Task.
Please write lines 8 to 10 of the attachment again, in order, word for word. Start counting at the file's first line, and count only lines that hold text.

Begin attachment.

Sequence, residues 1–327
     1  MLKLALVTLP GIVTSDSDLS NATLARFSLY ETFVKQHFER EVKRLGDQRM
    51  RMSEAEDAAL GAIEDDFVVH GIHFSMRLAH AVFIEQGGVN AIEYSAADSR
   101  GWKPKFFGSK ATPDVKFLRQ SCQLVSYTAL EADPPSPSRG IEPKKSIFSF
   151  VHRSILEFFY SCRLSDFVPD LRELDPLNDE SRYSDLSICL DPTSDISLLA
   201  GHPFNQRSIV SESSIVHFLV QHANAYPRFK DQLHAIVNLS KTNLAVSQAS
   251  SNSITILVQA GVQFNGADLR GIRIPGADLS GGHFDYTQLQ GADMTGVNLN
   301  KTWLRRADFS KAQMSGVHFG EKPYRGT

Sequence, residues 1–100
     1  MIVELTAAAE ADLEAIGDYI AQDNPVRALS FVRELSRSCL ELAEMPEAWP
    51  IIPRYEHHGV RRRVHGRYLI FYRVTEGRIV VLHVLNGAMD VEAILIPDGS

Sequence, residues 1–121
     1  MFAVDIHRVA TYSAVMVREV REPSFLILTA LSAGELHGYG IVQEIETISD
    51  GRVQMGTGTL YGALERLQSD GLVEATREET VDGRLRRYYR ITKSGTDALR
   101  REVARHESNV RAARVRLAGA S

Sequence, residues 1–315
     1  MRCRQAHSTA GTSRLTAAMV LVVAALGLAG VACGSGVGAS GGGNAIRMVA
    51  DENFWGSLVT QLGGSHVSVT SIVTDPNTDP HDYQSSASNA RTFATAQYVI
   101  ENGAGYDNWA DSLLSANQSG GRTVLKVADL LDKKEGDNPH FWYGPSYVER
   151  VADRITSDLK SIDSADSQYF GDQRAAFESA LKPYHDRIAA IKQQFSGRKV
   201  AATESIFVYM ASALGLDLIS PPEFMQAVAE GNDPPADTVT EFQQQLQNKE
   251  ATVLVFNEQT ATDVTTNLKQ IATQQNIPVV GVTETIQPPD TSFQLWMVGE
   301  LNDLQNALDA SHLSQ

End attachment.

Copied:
   301  KTWLRRADFS KAQMSGVHFG EKPYRGT

Sequence, residues 1–100
     1  MIVELTAAAE ADLEAIGDYI AQDNPVRALS FVRELSRSCL ELAEMPEAWP